First of all: are nonprofits allowed to lobby? The answer is very clearly “yes,” although there are some restrictions.
The LDA (as amended by HLOGA) states that in addition to reporting all lobbying expenditures on their Form 990, nonprofits may also be required to register with Congress and report their activities, but only if they meet these two thresholds:
- You have an employee who is a “lobbyist,”* defined as someone who spends 20% or more of his/her time engaged in lobbying activities and the same employee makes one or more lobbying contact in the same quarter
- Your total federal lobbying expenses are expected to exceed $11,500 during a quarter
Q: How should our 501 (c)(3) organization report board members’ contributions when we file?
A: While 501(c)(3) organizations cannot make political contributions, they can be involved in certain lobbying activities. A board member of a 501 (c)(3) can participate in these activities. This would not make them lobbyists, unless there is something else that would trigger a need to register as a lobbyist. If a federally registered lobbyist is a member of the board of a 501 (c)(3) organization and participates in that organization’s event, in the capacity of board member, at which a congressman or senator is honored, that does not need to be disclosed.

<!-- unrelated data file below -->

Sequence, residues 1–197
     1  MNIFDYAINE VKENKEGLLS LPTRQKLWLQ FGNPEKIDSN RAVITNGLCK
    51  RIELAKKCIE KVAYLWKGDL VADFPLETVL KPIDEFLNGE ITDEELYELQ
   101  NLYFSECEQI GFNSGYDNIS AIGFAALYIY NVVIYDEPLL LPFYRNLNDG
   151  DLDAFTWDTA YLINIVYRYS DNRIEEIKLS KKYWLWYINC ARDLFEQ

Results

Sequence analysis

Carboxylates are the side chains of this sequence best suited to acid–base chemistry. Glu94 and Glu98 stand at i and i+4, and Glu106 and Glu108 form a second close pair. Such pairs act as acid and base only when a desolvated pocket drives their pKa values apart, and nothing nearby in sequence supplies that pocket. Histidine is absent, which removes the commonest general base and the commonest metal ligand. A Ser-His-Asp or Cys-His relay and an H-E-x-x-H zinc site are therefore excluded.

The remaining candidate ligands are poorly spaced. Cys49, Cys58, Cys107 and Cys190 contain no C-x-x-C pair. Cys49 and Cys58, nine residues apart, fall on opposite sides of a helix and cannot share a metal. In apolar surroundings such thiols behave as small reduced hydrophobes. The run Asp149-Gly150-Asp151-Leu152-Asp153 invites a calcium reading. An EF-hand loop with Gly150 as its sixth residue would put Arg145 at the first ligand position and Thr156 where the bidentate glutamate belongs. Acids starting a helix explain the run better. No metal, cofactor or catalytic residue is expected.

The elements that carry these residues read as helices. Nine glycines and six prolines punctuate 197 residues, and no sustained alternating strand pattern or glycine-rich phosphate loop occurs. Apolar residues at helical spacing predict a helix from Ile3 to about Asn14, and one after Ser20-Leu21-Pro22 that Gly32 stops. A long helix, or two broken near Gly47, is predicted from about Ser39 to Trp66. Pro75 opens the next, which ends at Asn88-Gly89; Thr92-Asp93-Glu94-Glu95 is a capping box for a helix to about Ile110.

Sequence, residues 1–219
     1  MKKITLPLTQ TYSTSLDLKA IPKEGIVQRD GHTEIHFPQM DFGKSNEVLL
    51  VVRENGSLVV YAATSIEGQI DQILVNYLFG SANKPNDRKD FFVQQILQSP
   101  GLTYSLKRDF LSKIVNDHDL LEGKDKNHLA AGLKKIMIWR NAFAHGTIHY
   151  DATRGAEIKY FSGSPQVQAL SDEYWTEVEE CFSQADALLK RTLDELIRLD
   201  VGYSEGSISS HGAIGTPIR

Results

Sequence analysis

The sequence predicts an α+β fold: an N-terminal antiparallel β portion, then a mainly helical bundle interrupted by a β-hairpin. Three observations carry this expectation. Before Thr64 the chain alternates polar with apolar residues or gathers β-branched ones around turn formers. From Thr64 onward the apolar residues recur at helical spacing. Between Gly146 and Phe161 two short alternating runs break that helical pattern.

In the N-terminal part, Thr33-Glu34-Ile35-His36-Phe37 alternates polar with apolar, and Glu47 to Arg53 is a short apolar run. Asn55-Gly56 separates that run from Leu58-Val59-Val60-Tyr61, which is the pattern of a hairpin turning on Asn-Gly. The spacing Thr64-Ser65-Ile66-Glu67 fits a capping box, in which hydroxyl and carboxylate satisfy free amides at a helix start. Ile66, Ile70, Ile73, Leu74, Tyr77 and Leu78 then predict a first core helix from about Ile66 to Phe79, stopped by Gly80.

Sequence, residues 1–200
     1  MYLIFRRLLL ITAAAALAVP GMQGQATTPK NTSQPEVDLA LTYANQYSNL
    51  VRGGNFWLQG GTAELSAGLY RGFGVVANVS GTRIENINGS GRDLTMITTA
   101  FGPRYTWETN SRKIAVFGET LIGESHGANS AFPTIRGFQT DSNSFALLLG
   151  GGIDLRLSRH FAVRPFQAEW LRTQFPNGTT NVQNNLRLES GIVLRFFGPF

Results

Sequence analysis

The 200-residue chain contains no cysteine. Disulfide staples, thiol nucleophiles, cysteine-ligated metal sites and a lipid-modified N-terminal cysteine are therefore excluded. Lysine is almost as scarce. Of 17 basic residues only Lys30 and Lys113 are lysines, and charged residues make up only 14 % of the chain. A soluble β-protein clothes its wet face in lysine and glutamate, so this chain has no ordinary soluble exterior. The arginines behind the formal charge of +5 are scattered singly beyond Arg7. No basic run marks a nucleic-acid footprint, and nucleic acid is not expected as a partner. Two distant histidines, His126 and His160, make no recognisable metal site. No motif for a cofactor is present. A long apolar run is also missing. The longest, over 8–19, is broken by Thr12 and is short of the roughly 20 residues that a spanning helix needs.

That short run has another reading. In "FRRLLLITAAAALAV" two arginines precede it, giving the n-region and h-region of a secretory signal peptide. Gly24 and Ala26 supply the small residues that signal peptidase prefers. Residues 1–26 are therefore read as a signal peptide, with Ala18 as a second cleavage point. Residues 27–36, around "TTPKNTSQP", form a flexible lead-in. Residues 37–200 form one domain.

Q: Can a 501(c)(3) non-profit organization sponsor travel for members of congress or congressional staffers?
A: Yes, although there are specific guidelines on the amount of time that is appropriate, and the rules differ for Senate and House members.
Q: Can a non-profit make a choice between the lobbying definition used by the LDA and the one used by the IRC?
A: Yes, Congress allows organizations that have to track their lobbying expenditures in accordance with the tax code to use that format with their LDA reporting. You may therefore choose whether you want to just maintain one system for tracking and reporting lobbying expenditures and whether you want to do both. There are pros and cons for both types of filing.
Q: When I decide to use one definition (LDA v. IRC) over the other one, is that decision binding in the future, or can it be changed on a year-to-year basis?
A: It is not binding and you can change it. It would be cumbersome to change it back and forth and back and forth, because you would be changing a lot of what you are tracking. But it is a choice that each organization has to make. If you decide to change, you simply notify the proper people on your LD-2.
Today’s post borrowed heavily from this one! (Thanks, Madiha!)